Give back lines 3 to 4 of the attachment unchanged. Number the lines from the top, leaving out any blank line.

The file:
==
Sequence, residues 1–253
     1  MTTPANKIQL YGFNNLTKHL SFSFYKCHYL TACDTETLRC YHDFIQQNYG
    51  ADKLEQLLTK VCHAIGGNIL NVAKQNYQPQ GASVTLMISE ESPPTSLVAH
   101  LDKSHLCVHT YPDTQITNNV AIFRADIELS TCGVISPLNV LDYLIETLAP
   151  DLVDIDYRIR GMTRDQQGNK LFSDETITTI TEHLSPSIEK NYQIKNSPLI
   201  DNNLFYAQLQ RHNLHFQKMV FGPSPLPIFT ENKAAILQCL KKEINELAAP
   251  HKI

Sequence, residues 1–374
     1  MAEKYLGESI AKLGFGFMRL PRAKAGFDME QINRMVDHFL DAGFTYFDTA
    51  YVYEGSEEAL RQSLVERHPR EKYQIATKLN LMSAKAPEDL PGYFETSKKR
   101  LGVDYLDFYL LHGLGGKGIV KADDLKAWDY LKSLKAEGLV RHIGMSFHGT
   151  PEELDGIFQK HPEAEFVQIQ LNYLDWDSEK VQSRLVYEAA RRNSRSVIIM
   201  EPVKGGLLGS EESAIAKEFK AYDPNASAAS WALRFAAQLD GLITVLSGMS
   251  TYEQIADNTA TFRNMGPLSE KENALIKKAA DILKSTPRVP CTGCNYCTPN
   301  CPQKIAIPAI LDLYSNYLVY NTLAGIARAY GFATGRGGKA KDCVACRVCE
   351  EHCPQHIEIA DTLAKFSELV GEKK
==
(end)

    51  ADKLEQLLTK VCHAIGGNIL NVAKQNYQPQ GASVTLMISE ESPPTSLVAH
   101  LDKSHLCVHT YPDTQITNNV AIFRADIELS TCGVISPLNV LDYLIETLAP